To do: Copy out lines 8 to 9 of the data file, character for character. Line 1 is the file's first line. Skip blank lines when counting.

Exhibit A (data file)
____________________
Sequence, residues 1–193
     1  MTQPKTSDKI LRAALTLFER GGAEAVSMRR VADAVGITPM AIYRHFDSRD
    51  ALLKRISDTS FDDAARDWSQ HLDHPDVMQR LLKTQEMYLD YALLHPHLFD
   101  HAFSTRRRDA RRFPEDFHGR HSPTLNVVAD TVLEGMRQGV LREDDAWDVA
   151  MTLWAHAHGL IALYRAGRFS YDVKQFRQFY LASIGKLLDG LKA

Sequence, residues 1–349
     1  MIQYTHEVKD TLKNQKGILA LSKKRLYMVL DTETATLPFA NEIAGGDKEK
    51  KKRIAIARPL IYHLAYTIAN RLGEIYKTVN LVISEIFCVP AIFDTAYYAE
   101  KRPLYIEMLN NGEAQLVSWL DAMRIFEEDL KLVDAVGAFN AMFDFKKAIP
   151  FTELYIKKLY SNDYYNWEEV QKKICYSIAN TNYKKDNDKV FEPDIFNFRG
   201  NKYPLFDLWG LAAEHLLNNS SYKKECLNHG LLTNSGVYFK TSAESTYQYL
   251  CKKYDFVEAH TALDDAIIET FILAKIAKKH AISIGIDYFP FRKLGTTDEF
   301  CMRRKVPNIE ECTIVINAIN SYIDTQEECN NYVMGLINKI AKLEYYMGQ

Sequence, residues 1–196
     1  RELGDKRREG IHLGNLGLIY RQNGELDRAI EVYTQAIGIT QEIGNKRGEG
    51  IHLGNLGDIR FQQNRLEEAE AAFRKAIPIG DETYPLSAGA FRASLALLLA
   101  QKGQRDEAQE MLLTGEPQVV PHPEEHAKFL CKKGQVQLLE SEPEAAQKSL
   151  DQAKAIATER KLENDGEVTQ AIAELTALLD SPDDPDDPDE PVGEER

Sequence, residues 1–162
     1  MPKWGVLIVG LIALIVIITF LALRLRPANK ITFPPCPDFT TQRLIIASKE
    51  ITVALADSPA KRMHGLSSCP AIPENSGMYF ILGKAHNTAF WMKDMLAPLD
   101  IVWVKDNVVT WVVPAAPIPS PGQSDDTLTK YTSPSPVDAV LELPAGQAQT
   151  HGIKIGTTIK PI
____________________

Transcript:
    51  KKRIAIARPL IYHLAYTIAN RLGEIYKTVN LVISEIFCVP AIFDTAYYAE
   101  KRPLYIEMLN NGEAQLVSWL DAMRIFEEDL KLVDAVGAFN AMFDFKKAIP